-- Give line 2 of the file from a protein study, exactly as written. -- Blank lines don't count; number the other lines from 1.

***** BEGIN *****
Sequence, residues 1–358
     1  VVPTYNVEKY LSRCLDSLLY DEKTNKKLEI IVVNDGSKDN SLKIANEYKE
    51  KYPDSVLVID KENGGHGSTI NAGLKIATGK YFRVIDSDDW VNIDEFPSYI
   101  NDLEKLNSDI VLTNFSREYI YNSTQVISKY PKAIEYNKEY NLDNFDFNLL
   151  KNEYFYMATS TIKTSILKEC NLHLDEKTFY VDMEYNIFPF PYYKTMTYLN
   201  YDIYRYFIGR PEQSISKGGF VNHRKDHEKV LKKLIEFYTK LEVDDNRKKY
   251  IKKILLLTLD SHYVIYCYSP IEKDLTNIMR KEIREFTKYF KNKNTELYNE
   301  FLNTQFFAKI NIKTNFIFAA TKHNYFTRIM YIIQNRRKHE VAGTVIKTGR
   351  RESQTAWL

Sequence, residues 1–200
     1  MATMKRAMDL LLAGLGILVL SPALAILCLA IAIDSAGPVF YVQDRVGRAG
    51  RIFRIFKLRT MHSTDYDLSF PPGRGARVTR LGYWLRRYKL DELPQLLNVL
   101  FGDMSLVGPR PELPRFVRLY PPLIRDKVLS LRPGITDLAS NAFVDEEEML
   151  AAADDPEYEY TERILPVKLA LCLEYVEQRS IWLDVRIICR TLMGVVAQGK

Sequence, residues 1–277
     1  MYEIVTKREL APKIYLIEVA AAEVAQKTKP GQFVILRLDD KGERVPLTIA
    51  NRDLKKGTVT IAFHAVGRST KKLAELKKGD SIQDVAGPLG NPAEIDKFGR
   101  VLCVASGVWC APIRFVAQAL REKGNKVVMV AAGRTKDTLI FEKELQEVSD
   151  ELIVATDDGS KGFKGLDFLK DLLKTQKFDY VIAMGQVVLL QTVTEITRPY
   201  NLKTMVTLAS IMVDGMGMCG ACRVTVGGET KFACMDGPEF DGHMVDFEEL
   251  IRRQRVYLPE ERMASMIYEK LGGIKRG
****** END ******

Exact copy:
     1  VVPTYNVEKY LSRCLDSLLY DEKTNKKLEI IVVNDGSKDN SLKIANEYKE